Most women with vaginal candidiasis experience severe vaginal itching. They also have a discharge that often looks like cottage cheese and has a sweet or breadlike odor. The vulva and vagina can be red, swollen, and painful. Sexual intercourse can also be painful.
Whitish patches can appear on the tongue, inside of the cheeks, or the palate. Oral candidiasis typically occurs in people with abnormal immune systems. These can include people undergoing chemotherapy for cancer, people taking immunosuppressive drugs to protect transplanted organs, or people with HIV infection.
Anything that weakens the body's natural barrier against colonizing organisms-including stomach surgery, burns, nasogastric tubes, and catheters-can predispose a person for deep organ candidiasis. Rising numbers of AIDS patients, organ transplant recipients, and other individuals whose immune systems are compromised help account for the dramatic increase in deep organ candidiasis in recent years. Patients with granulocytopenia (deficiency of white blood cells) are particularly at risk for deep organ candidiasis.
Often clinical appearance gives a strong suggestion about the diagnosis. Generally, a clinician will take a sample of the vaginal discharge or swab an area of oral plaque, and then inspect this material under a microscope. Under the microscope, it is possible to see characteristic forms of yeasts at various stages in the lifecycle.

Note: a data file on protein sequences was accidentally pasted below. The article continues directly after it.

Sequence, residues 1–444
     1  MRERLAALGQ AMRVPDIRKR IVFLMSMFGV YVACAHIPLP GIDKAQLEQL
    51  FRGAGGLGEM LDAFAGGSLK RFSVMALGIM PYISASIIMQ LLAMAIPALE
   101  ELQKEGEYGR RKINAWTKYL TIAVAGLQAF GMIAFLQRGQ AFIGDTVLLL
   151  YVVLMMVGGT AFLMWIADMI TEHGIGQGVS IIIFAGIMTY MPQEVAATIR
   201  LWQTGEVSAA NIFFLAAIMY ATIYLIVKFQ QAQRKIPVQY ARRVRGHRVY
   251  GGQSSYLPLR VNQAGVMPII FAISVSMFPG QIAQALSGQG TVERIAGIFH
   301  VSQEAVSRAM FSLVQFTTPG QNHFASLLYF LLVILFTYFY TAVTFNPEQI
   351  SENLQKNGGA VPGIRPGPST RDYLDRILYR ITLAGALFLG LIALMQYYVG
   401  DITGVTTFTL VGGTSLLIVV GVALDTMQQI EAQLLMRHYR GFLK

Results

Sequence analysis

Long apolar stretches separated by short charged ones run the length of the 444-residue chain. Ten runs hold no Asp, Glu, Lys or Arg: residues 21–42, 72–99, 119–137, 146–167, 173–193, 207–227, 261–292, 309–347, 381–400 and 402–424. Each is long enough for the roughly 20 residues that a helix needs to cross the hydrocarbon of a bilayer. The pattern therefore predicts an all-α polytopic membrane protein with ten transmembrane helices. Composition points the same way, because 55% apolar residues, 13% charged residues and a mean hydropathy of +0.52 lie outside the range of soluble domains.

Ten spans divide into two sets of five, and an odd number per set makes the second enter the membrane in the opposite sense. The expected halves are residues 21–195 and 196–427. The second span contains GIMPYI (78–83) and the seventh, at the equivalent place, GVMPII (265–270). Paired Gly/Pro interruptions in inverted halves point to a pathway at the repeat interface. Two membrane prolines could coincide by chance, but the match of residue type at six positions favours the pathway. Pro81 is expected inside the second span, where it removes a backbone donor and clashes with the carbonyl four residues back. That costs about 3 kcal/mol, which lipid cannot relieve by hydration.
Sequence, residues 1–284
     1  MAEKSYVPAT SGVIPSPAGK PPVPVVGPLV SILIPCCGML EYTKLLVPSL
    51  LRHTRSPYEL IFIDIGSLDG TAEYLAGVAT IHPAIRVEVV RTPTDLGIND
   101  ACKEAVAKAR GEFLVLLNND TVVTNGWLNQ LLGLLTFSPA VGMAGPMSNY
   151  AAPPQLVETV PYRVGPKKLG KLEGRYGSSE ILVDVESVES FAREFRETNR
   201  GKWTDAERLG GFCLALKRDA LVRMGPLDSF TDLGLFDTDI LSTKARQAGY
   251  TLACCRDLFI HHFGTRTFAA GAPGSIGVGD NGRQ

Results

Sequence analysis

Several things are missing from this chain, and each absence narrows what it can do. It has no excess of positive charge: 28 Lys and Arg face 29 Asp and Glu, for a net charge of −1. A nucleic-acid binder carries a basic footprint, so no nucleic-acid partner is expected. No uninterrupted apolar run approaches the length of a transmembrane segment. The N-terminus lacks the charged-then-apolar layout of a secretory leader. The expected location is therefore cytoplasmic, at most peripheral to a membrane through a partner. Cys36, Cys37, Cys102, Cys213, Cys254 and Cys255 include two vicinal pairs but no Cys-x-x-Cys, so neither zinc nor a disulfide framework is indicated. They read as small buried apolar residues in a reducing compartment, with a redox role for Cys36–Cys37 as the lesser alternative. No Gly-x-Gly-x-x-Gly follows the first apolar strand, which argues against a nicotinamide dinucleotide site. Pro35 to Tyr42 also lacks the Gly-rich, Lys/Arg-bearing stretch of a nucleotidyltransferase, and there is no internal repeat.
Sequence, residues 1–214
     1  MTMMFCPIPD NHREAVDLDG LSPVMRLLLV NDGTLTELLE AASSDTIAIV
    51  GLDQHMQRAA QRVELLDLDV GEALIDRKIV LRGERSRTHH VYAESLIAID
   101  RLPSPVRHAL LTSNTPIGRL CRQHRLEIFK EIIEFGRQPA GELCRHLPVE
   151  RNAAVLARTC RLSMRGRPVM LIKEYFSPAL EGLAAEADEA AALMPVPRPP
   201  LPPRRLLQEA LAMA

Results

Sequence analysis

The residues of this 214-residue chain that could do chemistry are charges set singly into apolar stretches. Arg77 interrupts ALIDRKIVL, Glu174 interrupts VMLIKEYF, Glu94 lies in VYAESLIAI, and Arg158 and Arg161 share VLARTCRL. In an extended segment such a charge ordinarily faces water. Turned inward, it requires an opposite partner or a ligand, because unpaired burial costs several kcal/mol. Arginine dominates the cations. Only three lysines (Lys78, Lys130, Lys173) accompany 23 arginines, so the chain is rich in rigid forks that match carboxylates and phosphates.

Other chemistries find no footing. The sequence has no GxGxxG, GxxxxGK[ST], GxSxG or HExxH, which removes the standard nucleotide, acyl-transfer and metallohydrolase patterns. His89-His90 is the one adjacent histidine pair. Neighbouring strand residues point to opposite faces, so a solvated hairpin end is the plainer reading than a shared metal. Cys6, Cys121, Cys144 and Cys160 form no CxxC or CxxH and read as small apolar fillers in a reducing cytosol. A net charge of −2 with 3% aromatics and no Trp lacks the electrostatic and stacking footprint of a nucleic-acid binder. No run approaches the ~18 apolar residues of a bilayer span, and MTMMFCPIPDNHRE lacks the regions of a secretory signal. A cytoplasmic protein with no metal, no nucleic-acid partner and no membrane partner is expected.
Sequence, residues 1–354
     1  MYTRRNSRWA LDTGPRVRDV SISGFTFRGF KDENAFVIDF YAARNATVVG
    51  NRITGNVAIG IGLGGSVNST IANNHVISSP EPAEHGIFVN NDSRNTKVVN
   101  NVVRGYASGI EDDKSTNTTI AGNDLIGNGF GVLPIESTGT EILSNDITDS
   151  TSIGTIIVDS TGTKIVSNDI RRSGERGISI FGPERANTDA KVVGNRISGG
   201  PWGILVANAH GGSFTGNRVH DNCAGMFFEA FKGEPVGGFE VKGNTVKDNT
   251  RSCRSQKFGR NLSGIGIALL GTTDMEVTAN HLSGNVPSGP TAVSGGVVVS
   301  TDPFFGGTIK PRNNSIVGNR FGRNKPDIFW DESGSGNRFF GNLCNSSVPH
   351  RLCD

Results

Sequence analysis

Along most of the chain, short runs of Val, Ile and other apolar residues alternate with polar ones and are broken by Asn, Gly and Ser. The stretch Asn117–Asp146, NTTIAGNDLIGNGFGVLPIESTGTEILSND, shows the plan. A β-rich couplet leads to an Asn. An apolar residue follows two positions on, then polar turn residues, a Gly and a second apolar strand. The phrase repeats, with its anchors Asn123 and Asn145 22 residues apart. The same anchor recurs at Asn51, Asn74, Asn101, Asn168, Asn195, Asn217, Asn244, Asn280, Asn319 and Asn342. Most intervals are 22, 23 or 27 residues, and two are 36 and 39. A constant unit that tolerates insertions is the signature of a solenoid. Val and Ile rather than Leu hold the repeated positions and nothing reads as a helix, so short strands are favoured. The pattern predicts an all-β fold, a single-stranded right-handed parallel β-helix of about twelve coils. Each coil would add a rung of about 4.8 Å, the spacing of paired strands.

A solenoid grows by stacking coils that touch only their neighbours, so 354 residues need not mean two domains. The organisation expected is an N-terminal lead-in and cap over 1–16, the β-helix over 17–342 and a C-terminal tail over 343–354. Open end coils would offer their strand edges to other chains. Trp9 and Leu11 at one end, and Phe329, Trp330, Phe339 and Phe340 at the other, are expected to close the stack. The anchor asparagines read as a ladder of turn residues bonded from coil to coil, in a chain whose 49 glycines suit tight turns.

Fungal blood cultures should be taken for patients suspected of having deep organ candidiasis. However, blood cultures may not detect up to 50% of cases of disseminated candidiasis. A more specific test to detect Beta-glucan, a fungal cell wall component, is the serum Beta-D-glucan detection assay. This test has shown to be highly specific in detecting fungal infections.
A tissue biopsy of suspected infected areas may also be helpful in confirming a diagnosis of systemic or disseminated candidiasis.
In most cases, vaginal candidiasis can be treated successfully with a variety of over-the-counter antifungal creams or suppositories. These includeMonistat, Gyne-Lotrimin, and Mycelex. However, infections often recur. However, a single 150 mg dose of oral fluconazole (Diflucan) has been shown to as effective or better than topical antifungal agents when treating acute cases of vaginal candidiasis.
This is usually treated with prescription lozenges or mouthwashes. Some of the most-used prescriptions are nystatin mouthwashes (Nilstat or Nitrostat) and clotrimazole lozenges. Other treatment options include amphotericin B oral suspension or treatment with systemic azole medications such as fluconazole (Diflucan), itraconazole (Sporonox), or posaconazole (Noxafil) for more severe oral infections.